Meditation, The Universe, and Foulmouthed Feet

by Dian Reid-Jancic· Follow Dian on

I meditate twice a day for half an hour. In meditation, I can let go of everything. I’m not Hugh Jackman. I’m not a dad. I’m not a husband. I’m just dipping into that powerful source that creates everything. I take a little bath in it.
~ Hugh Jackman

I rather like the idea of taking a little bath in the powerful source that creates everything because I know I can take one at any time, for any length of time, and I don’t even need to get naked.

I may have to dry off if I’m moved to tears, but I’m willing to take my chances.

March 4th marked a reintroduction of meditation to my daily practice. I started from the beginning, as if I’d never done meditation before. Some might call this beginner’s mind, but I’m just applying what I’ve learned from physical therapy to my … errr … mental therapy practice, and getting back to a spiritual practice.

In July of last year I gave myself a stress fracture in my left foot from over-training in my running practice. In October I ran the Long Beach Half-Marathon and found myself with a stress fracture in my right foot. In December I tried to come back too quickly again, and both feet basically told me to fuck off.

Three months later I’ve learned my lesson and am now slowly reintroducing my body to running and reconditioning my feet and legs for the motion, the impact, the recovery. I find that I don’t need that exact prescription for bringing meditation back into my life, but the slow re-entry feels like a must.

At one time I’d worked my way up to a routine of one 40- to 60-minute meditation daily. I think I might have gone batshit crazy if I’d started back with that. Short and manageable meditations would do just fine.

One minute meditation on Monday. Two minutes on Tuesday. Three on Wednesday. And then back to one on Thursday, to lather, rinse, repeat for another round. At first I noticed everything around me and I was grateful for stillness in one- and two- and three-minute increments, respectively. During the second round I noticed that one minute seemed like no time at all, two minutes seemed like a breeze, and three left me longing for the days when sixty minutes would just fly right by.

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I meditate twice a day for half an hour. In meditation, I can let go of everything. I’m not Hugh Jackman. I’m not a dad. I’m not a husband. I’m just dipping into that powerful source that creates everything. I take a little bath in it. ~ Hugh JackmanWhat I’ve noticed in just over a week of reacquainting myself with meditation—a total of less than sixty minutes—is that I’m also reacquainting myself with that powerful source that creates everything. You know: God, Source, the Universe—whatever you choose to call it. Meditation is like a direct connection the Universe for me, and this (re)connection has me tapping into a belief in myself I’d all but forgotten about when I stopped running back in July.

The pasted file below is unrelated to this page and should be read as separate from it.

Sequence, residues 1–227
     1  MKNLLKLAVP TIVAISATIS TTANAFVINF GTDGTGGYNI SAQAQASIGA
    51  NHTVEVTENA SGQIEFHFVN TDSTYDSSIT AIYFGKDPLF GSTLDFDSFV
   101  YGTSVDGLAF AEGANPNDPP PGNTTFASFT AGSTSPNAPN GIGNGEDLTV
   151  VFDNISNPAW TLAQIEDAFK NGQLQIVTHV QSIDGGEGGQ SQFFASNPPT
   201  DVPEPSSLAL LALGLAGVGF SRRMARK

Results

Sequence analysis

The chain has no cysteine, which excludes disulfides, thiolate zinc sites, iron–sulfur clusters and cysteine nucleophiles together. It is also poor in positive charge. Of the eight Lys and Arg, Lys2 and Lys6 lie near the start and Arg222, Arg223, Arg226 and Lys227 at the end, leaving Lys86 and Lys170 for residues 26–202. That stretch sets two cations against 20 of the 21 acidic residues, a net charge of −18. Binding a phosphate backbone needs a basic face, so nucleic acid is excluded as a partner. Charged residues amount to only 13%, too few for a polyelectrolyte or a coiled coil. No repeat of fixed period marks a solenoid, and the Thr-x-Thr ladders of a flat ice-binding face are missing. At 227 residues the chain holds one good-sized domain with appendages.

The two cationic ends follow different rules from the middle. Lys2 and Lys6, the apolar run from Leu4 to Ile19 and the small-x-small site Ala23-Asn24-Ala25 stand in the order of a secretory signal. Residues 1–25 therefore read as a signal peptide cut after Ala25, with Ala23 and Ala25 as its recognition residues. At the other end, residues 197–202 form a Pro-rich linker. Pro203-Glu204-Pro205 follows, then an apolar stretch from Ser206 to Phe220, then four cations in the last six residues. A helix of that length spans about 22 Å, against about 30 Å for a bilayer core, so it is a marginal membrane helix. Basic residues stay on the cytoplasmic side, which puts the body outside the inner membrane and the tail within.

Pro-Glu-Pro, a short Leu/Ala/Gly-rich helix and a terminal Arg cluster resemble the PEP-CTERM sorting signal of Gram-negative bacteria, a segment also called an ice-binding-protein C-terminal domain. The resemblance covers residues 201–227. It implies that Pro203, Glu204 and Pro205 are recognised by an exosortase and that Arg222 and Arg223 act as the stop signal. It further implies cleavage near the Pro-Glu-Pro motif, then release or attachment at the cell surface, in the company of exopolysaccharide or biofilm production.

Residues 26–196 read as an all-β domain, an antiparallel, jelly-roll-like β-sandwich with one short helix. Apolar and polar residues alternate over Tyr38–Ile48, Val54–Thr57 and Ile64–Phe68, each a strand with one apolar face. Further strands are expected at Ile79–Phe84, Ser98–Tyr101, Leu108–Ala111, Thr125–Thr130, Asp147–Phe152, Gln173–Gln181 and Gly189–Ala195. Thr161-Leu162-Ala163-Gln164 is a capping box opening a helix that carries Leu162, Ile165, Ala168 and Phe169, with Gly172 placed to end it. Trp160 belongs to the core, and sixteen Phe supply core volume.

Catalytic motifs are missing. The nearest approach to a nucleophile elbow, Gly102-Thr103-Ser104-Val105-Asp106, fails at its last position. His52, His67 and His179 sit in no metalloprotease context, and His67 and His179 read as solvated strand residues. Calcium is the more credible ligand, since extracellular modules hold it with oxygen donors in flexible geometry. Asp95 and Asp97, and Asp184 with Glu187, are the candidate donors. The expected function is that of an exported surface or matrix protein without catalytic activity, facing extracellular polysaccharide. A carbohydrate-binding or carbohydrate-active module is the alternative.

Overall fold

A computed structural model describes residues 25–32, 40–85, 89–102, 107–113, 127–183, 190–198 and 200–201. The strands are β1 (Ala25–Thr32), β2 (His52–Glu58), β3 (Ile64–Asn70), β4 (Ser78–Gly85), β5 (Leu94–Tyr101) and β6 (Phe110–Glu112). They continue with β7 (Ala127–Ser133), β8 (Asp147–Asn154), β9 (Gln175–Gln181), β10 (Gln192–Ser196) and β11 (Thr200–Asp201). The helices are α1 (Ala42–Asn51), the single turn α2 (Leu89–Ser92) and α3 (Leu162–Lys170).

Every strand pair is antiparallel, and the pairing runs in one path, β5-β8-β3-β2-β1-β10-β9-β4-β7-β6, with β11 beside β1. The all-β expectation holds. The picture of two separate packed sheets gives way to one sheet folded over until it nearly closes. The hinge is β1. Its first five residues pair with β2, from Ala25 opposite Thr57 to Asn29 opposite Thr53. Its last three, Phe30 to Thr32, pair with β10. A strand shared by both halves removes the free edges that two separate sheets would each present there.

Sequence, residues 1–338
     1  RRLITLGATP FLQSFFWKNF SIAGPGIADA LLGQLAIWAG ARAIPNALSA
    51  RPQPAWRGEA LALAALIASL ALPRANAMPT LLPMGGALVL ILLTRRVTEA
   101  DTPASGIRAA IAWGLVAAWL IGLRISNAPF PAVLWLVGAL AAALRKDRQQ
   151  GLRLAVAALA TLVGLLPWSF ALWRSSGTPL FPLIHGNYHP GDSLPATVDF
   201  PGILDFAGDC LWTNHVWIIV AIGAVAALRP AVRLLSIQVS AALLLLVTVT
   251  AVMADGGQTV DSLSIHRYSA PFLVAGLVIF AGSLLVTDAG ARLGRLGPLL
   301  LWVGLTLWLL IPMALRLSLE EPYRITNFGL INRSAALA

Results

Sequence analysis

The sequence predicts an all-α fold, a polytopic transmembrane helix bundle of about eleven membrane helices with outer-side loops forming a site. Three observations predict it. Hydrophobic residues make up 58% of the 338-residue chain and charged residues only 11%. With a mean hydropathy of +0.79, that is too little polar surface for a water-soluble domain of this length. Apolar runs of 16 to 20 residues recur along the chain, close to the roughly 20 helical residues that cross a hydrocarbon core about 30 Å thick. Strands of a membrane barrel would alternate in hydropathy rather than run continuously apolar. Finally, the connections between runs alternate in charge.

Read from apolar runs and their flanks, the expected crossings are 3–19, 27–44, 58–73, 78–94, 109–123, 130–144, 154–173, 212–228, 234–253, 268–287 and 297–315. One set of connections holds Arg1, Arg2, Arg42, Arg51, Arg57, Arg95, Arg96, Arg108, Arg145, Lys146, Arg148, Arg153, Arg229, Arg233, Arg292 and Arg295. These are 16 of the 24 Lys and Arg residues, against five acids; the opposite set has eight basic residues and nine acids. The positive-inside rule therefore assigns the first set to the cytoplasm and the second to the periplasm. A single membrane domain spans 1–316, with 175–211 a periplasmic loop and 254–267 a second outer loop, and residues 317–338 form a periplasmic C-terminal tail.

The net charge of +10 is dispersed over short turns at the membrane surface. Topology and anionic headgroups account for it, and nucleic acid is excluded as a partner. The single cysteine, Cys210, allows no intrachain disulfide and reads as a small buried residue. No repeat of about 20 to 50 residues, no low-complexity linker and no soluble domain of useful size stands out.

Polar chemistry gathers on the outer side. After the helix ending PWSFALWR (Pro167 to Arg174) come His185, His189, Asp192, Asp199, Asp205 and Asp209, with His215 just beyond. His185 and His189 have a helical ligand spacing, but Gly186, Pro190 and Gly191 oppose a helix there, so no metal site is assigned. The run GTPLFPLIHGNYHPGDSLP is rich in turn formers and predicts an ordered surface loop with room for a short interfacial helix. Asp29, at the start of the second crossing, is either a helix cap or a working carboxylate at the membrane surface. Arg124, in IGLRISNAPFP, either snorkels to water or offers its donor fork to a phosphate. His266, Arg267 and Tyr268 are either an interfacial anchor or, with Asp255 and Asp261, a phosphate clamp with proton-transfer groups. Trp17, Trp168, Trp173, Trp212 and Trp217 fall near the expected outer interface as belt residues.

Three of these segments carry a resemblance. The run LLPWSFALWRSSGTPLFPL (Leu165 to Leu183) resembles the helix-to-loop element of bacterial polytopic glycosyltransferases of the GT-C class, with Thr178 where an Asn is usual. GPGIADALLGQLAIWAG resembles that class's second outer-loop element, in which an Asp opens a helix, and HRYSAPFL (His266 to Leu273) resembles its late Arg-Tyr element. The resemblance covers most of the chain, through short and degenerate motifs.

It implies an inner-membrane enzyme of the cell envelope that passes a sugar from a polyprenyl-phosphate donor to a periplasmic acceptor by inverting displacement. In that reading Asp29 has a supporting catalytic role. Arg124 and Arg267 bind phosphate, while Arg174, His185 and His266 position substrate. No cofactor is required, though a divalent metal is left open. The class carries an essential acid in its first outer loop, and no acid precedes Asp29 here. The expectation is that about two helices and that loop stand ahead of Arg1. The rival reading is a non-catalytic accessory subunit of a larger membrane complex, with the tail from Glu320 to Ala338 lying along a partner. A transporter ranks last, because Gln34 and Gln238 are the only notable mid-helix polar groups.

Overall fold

When I began running a couple years ago, this became my spiritual connection to the Universe, where I could go out and lose myself in it for thirty, sixty, ninety minutes at a time and think nothing of it. Maybe that was the problem: thinking nothing of it.

And then it occurred to me: maybe the Universe wants more from us than just our time. Maybe the Universe gets pissed off when we show up for dinner but don’t stay to talk. Maybe the Universe needs the connection to us just as much as we need that connection to something greater than ourselves.

The truth is, I have no idea what the Universe needs, I only know that taking my time connecting via these meditations is important for me. For my mind, my body, and my soul.

What’s your take on meditation? How do you use it and what/who do you connect to in your practice?

  • Dian, this is INCREDIBLE – I’m printing it out (it’s THAT incredible!) – love, love, love this. Thank you!!

    • Thank you, my dear =) Where will it end up once it’s printed out??

      • in my laptop bag (goes with me everywhere) <3

        • I like that. Makes me feel like a little piece of me is tagging along with you everywhere you go, teehee =)

  • I have an off-on relationship with meditation. (Currently in an off stage.) And I do find that the main benefit of it for me is that I feel like I have an ongoing conversation with God. Of course, as a writer, I also consider journaling part of my meditation and I talk to God on the page all the time! Anyway, I really liked reading about your experience and would love to read more as you continue to return to your practice.

    • I can so relate to journaling being a part of your meditation and using it for ongoing conversations with God, Charlotte! So important to find what works. Not necessarily to stick to it, but to know it’s there for when you need it. Thanks for sharing.

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